DNA is first copied to make messenger RNA molecules (mRNAs) that are then translated into protein. MicroRNAs are short snippets of RNA that do not code for a protein. Instead, they function mainly by regulating the stability or translation rate of mRNAs, inhibiting the production of particular proteins. Each microRNA typically targets hundreds of different mRNAs, making them ideal for coordinating complex cellular processes.
One such process is a cluster of 38 microRNAs, termed miR379-410, which plays a role in neural development and perhaps social behavior. Schratt and colleagues investigated this option in more detail and found that miR379-410 indeed regulates sociability in the brain of mice. The researchers first observed that mice lacking a functional miR379-410 complex were more sociable than their littermates, indicating that miR379-410 functions to restrict sociability in healthy animals.
Further investigation showed that neurons in the hippocampus of the brain in mice lacking miR379-410 formed more connections and were more likely to transmit electrical signals.
At the molecular level, the miR379-410 complex targets thousands of genes, among them many that were known to function in regulating synaptic transmission. Moreover, a small subgroup of only five microRNAs from the cluster might explain to a large extent the upregulation of key synaptic proteins. These proteins are involved in a process termed homeostatic synaptic downscaling – a feedback loop that kicks in when the brain becomes overactive because synaptic contacts are too strong.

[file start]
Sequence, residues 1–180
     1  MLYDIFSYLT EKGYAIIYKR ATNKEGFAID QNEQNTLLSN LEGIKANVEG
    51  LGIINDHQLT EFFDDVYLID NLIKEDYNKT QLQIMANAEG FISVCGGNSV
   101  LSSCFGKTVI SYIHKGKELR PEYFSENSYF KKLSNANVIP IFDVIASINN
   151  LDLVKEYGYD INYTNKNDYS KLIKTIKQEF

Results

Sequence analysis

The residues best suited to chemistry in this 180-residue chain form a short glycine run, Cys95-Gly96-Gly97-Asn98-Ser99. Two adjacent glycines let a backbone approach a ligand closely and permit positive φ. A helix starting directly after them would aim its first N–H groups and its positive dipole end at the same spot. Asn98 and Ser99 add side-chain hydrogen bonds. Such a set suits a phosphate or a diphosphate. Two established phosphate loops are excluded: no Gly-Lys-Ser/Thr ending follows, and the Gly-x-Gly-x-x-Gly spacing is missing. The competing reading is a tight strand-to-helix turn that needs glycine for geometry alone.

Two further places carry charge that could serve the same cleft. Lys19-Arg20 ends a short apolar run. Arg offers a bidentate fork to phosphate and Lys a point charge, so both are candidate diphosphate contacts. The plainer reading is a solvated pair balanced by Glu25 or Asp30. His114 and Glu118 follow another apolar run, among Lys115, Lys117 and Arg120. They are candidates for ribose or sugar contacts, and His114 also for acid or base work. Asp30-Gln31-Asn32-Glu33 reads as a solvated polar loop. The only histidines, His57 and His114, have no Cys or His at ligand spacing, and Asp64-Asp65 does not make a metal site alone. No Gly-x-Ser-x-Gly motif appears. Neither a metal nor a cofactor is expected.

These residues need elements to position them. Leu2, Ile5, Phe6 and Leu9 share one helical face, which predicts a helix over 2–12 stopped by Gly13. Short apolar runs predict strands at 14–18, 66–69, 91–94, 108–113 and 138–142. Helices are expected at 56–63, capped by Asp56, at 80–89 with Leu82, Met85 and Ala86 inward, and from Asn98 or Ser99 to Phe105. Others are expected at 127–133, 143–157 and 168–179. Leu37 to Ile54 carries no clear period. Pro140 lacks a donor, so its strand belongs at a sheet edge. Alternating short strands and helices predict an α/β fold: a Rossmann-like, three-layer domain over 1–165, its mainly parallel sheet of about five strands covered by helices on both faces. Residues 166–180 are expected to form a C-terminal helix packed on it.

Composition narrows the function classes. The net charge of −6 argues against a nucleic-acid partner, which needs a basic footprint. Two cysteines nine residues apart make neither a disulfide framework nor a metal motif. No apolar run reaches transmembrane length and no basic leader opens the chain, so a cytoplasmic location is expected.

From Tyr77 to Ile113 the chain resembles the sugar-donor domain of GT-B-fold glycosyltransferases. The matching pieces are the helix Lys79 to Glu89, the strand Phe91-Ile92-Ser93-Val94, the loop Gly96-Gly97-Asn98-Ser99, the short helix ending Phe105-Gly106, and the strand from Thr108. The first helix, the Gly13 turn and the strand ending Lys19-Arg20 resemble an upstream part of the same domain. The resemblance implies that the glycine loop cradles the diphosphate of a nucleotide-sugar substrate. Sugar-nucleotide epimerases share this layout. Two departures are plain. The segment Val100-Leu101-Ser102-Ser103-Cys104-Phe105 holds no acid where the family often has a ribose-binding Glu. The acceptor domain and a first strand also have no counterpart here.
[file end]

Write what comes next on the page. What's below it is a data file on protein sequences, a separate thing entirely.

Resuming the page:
Does it mean anything for humans?
What will it mean for humans? Not much in the short term. Mice are not little people, they are instead a model organism which can eliminate links, including between chemicals or any products and cancer, but can never show them. And that is just biology, it is even more of a challenge to legitimately show a link to human social behavior.
Photo: Neuroscientist Mark Baxter of NHP.
Still, several miR-379-410 members are dysregulated in the blood and brain of patients with neurodevelopmental disorders that affect social behavior, such as schizophrenia or autism spectrum disorder. So even if this isn't the answer, it could be an important part of the question.
Citation: 'A placental mammal-specific microRNA cluster acts as a natural brake for sociability in mice', Lackinger, M., Sungur, A.Ö., Daswani, R., Soutschek, M., Bicker, S., Stemmler, L., Wüst, T., Fiore, R., Dieterich, C., Schwarting, R.K.W., Wöhr, M. and Schratt, G., Doi: 10.15252/embr.201846429